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Summary Autonomy, as a moral value, is often considered the ground of liberal political philosophy.  Other political philosophers think this discounts the role of family and community.  Probably all recognize the importance of both and offer different balances.  Nonetheless, the role that autonomy plays in an author's political theory is inevitably of interest to political philosophers.
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  1. L'ambigua Neutralità di Charles Larmore da Patterns of Moral Complexity a Respect for Persons.Claudia Atzori - forthcoming - ACME: Annali della Facoltà di lettere e filosofia dell'Università degli studi di Milano.
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  2. Maureen Ramsay, What's Wrong with Liberalism?B. Brecher - forthcoming - Radical Philosophy.
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  3. The Leaning Tower of PISA: Fundamental Problems in Ignorance-Based Theories of State Autonomy.Daniel Carpenter - forthcoming - Critical Review: A Journal of Politics and Society.
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  4. Democracy, Paternalism, and Campaign Finance.Adam Hosein - forthcoming - Public Affairs Quarterly.
  5. From modernity to neoliberalism : what human subject ?Sophie Klimis - forthcoming - Rhuthmos.
    Ce texte a déjà paru dans I. S. Straume & G. Baruchello (eds.), Creation, Rationality and Autonomy, Essays on Cornelius Castoriadis, København, Nordiskt Sommaruniversitet Press, 2013, p. 133-158. Nous remercions Sophie Klimis de nous avoir autorisé à le reproduire ici. Introduction “What democracy ?” is the provocative title Castoriadis had chosen for a paper he presented at Cerisy-la-Salle in 1990 (Castoriadis, 2007d : 118-150) . Whilst the planetary triumph of democracy was celebrated in (...) - Pour une éthique et une (...)
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  6. Spinozistic Perfectionism.Michael LeBuffe - forthcoming - History of Philosophy Quarterly.
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  7. A Defence of Individual Autonomy in a Multination Liberal State.Chris Lowry - forthcoming - Prolegomena.
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  8. Review: Sarah Conly, Against Autonomy: Justifying Coercive Paternalism. [REVIEW]Marina Oshana - forthcoming - Philosophical Explorations.
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  9. Feminist Perspectives on Autonomy.Natalie Stoljar - forthcoming - Stanford Encyclopedia of Philosophy.
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  10. A Paradox for the Intrinsic Value of Freedom of Choice.Johan E. Gustafsson - 2020 - Noûs 54 (4):891-913.
    A standard liberal claim is that freedom of choice is not only instrumentally valuable but also intrinsically valuable, that is, valuable for its own sake. I argue that each one of five conditions is plausible if freedom of choice is intrinsically valuable. Yet there exists a counter-example to the conjunction of these conditions. Hence freedom of choice is not intrinsically valuable.
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  11. Freedom as Critique. Foucault Beyond Anarchism.Karsten Schubert - 2020 - Philosophy and Social Criticism 46.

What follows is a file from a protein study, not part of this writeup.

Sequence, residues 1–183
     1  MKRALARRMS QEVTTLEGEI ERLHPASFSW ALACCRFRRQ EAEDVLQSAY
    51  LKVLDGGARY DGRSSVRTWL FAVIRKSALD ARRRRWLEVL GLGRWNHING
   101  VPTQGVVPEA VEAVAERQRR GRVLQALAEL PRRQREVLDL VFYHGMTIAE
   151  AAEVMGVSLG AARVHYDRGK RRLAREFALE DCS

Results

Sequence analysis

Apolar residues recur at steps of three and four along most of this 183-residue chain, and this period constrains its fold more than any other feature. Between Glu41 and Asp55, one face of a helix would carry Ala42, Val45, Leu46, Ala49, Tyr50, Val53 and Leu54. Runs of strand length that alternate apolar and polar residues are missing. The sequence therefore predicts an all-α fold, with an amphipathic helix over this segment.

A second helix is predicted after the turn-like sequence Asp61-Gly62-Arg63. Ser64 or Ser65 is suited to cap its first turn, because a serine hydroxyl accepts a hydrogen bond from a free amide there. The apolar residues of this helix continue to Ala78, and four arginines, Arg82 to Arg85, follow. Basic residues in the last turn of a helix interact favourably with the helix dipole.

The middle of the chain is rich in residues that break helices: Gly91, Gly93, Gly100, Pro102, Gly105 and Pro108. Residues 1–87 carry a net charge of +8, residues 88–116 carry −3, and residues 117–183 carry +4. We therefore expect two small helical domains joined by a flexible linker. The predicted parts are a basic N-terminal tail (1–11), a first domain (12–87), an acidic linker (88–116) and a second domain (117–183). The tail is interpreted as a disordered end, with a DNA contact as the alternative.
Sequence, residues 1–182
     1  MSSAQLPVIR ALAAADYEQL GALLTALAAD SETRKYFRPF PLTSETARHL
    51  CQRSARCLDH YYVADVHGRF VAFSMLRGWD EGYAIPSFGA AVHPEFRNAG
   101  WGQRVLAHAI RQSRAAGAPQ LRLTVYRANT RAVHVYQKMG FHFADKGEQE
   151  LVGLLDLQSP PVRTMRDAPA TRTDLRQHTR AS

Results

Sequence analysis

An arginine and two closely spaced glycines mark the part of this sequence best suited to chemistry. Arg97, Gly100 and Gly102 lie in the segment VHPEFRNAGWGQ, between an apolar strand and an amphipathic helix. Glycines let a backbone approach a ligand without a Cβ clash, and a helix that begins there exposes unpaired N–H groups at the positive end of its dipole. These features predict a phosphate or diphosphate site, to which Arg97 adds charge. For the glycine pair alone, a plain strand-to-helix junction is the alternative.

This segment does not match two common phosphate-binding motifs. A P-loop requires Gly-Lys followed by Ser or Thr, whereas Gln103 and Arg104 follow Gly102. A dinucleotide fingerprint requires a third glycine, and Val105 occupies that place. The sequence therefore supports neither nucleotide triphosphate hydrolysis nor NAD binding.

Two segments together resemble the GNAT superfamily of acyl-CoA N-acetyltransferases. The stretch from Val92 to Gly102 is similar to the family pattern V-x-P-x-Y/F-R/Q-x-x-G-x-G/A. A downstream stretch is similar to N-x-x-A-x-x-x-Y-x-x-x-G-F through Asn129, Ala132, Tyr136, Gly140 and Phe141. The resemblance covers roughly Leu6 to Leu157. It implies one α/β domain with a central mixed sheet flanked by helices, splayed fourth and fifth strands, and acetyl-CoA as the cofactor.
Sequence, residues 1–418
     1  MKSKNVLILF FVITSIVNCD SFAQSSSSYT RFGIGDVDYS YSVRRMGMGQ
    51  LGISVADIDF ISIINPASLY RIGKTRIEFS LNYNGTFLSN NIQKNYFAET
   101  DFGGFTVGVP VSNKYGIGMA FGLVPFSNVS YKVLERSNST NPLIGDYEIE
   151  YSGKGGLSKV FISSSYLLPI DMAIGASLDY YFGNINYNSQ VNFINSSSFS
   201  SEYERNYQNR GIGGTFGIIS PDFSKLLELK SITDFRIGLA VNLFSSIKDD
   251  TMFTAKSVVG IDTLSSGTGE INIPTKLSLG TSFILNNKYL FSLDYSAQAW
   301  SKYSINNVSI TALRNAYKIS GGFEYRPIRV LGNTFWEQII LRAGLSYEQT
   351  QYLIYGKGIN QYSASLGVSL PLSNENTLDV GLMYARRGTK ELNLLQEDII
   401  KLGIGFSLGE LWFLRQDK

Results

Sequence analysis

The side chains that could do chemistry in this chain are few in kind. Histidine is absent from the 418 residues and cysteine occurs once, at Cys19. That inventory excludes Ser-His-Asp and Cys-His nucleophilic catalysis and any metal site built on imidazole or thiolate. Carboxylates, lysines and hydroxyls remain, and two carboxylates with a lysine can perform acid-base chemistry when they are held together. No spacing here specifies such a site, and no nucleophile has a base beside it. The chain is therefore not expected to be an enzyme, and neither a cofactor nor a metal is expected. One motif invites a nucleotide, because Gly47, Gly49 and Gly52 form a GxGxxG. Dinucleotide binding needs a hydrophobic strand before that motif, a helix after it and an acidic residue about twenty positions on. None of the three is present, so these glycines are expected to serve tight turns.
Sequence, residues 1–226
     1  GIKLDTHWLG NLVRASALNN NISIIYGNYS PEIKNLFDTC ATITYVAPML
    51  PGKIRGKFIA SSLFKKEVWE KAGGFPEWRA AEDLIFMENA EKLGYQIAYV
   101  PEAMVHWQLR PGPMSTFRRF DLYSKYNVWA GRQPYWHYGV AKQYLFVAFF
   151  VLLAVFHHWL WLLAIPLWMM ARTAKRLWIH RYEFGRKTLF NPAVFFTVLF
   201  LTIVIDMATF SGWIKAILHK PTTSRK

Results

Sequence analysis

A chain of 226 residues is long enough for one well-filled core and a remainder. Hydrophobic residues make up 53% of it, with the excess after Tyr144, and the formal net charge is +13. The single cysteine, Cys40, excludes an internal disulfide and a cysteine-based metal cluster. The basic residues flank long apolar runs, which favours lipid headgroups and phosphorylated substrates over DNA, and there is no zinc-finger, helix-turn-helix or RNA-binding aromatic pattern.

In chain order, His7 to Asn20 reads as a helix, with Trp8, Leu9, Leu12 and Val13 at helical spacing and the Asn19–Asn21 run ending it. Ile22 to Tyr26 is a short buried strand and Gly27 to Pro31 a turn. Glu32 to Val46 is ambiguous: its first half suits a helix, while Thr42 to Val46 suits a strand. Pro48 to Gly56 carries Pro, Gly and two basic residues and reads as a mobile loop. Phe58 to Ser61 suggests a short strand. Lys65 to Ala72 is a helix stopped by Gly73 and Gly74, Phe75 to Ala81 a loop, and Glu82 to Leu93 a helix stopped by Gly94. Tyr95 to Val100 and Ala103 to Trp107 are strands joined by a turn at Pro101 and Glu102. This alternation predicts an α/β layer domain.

Foucault's theory of power and subjectification challenges common concepts of freedom in social philosophy and expands them through the concept of 'freedom as critique': Freedom can be defined as the capability to critically reflect one's own subjectification, and the conditions of possibility for this critical capacity lie in political and social institutions. The article develops this concept through a critical discussion of the standard response by Foucault interpreters to the standard objection that Foucault's thinking obscures freedom. The standard response interprets (...)
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  12. Social Work as Revolutionary Praxis? The Contribution to Critical Practice of Cornelius Castoriadis’s Political Philosophy.Phillip Ablett & Christine Morley - 2019 - Critical and Radical Social Work 7 (3): 333-348.
    Social work is a contested tradition, torn between the demands of social governance and autonomy. Today, this struggle is reflected in the division between the dominant, neoliberal agenda of service provision and the resistance offered by various critical perspectives employed by disparate groups of practitioners serving diverse communities. Critical social work challenges oppressive conditions and discourses, in addition to addressing their consequences in individuals’ lives. However, very few recent critical theorists informing critical social work have advocated revolution. A challenging exception (...)
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  13. Nudging in the Clinic: The Ethical Implications of Differences in Doctors’ and Patients’ Point of View.David Avitzour & Ittay Nissan-Rozen - 2019 - Journal of Medical Ethics 45 (3):183-189.
    There is an extensive ethical debate regarding the justifiability of doctors nudging towards healthy behaviour and better health-related choices. One line of argument in favour of nudging is based on empirical findings, according to which a healthy majority among the public support nudges. In this paper, we show, based on an experiment we conducted, that, in health-related choices, people’s ethical attitudes to nudging are strongly affected by the point of view from which the nudge is considered. Significant differences have been (...)
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  14. Délibérer entre égaux. Enquête sur l'idéal démocratique.Charles Girard - 2019 - Paris: Vrin.
    L’idéal démocratique est accusé d’être irréaliste. Le gouvernement du peuple par le peuple et pour le peuple serait une chimère dans les sociétés contemporaines. Il faudrait lui préférer les visées plus modestes associées à l’élection : un droit de vote égal et la satisfaction du plus grand nombre. La démocratie ne se laisse pourtant pas réduire à la compétition électorale. Les acteurs et les institutions politiques qui s’en réclament invoquent non seulement un marché, où rivalisent des intérêts privés, mais un (...)